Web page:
Skip to main content

CMC FHS - Vampires, Zombies, & African Diaspora - Prof. Sarzynski - FA 17

Chicago Manual of Style, 17th Edition

Chicago and Turabian citation styles use footnotes or endnotes for in text citations and a bibliography that lists all sources referenced in the text alphabetically by author's last name at the end of the paper/publication.

Basics of Chicago Style Footnotes

From Section 14.2014.23 

Notes are styled like running text, and generally lists the following elements, in this order: 

  • Authors’ name(s): presented in standard order (first name first), 
  • Title: capitalized headline-style (major words).
    • Titles of larger works (e.g., books and journals) are italicized;
    • Titles of smaller works (e.g., chapters, articles) or unpublished works are enclosed in quotation marks 
  • Facts of publication: 
    •  Books: put in parentheses: (Publication city: Publisher, Publication Date), Page number(s) referenced
    • Journals articles: Volume # follows the italicized journal title with no intervening punctuation, issue number (abbreviated as no.), Publictation date in parentheses: page number(s) referenced.

Other features:

  • Elements of a note are separated by commas
  • Terms such as editor/edited by, translator/translated by, volume, and edition are abbreviated. 
  • Full details must be given in a note at first mention of a work ; subsequent citations only need to include a short form that includes author's last name, the title, shortened if more than 4 words long, and page number(s). 

Basics of Chicago Style Footnotes

From Section: 14.21

Bibliography entries vary from footnotes in the following ways: 

  • Elements of a citation are separated by periods rather than commas.
  • Facts of publication: not enclosed in parentheses. 
  • The first-listed author’s name, according to which the entry is alphabetized in the bibliography, is  inverted (last name first).
  • Verb forms of these terms are spelled out: edited by and translated by

Bibliography entries are the same as footnotes in the following ways:  

  • Titles are capitalized headline-style 
    • Titles of larger works (e.g., books and journals) are italicized;  
    • Titles of smaller works (e.g., chapters, articles) or unpublished works are enclosed in quotation marks. 
  • Noun forms of these terms are abbreviated: editor, translator, volume, and edition.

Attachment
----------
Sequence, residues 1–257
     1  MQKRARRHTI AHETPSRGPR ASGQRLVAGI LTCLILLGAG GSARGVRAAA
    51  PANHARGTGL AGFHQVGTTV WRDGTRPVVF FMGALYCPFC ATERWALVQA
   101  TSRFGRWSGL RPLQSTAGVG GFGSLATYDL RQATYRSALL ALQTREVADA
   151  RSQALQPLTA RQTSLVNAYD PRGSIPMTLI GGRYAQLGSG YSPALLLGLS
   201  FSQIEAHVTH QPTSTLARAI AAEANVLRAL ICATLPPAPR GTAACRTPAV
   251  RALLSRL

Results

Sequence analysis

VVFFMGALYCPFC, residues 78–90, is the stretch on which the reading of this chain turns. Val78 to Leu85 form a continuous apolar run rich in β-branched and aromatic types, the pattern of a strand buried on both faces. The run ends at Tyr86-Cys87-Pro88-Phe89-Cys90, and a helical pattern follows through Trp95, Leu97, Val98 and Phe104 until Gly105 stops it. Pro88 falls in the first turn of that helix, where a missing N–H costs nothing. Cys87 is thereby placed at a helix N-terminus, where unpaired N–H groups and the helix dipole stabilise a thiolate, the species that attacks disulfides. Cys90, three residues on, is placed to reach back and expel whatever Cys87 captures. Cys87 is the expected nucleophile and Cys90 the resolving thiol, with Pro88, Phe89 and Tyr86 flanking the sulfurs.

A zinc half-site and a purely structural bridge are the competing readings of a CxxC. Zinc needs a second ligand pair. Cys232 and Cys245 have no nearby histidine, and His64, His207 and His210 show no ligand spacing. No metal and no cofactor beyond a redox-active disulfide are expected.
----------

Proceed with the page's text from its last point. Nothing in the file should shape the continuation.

Examples of Chicago Style Notes & Citations

Films & TV Shows (From Section 14.265)

Recorded media notes can begin with the title instead of the creator/director. 

1.  Gravity. 2013; Burbank, CA: Warner Bros. Pictures, 2014. Blu-ray Disc

Cuarón, Alfonso, dir. Gravity. 2013; Burbank, CA: Warner Bros. Pictures, 2014. Blu-ray Disc, 1080p HD

~~~~~~~~~~~~~~~

1. The Brady Bunch. Season 3, episode 10, “Her Sister’s Shadow,” Aired November 19, 1971, on ABC, https://www.hulu.com/the-brady-bunch. 

Mayberry, Russ, dir. The Brady Bunch. Season 3, episode 10, “Her Sister’s Shadow.” Aired November 19, 1971, on ABC. https://www.hulu.com/the-brady-bunch.

  • Review Articles (From Sections 14.202 and 14.203)

  • 1.  William C. Brehm, Review of Strike for America: Chicago Teachers Against Austerity, by Micah Uetricht, Comparative Education Review 59, no. 1, February 2015, 177.

  • 2. Brehm, Review of Strike, 178. 

  • Brehm, William C. Review of Strike for America: Chicago Teachers Against Austerity, by Micah Uetricht. Comparative Education Review 59, no. 1 (February 2015): 177–79. https://doi-org.ccl.idm.oclc.org/10.1086/679296.

  • Journal Articles (From Section 14.23)

  • 1. Benjamin Bagley, “Loving Someone in Particular,” Ethics 125, no. 2 (January 2015): 484–85.

  • 2. Bagley, “Loving Someone in Particular,” 501.

    Bagley, Benjamin. “Loving Someone in Particular.” Ethics 125, no. 2 (January 2015): 477–507.

Books (From Section 14.23)

1. Meghan Daum, ed., Selfish, Shallow, and Self-Absorbed: Sixteen Writers on the Decision Not to Have Kids (New York: Picador, 2015), 32.

2. Daum, Selfish, Shallow, 17. 

 Daum, Meghan ed., Selfish, Shallow, and Self-Absorbed: Sixteen Writers on the Decision Not to Have Kids (New York: Picador, 2015). 

~~~~~~~~~~~~~~~~~~~~~

1. Max Brooks, World War Z: An Oral history of the Zombie War (New York: Crown, 2006), 55. 

2. Brooks, World War Z, 72. 

Brooks, Max. World War Z : An Oral History of the Zombie War. New York: Crown, 2006.


Keep in mind that publications vary and will require adapting from the examples of above. When in doubt refer to the Chicago Style Manual to see if they provide examples or guidance on how to handle sources that don't fit the standard. 

Citation Management Tools

Citation Managers are tools to help you keep track of your citations as you research and to create/format your citations and bibliography. Both RefWorks and Zotero allow you to keep citations, full text articles, and other research resources organized in one place. You can also use these tools to format your bibliographies and the notes/citations in your papers according to the appropriate style (APA, MLA, Chicago, etc.).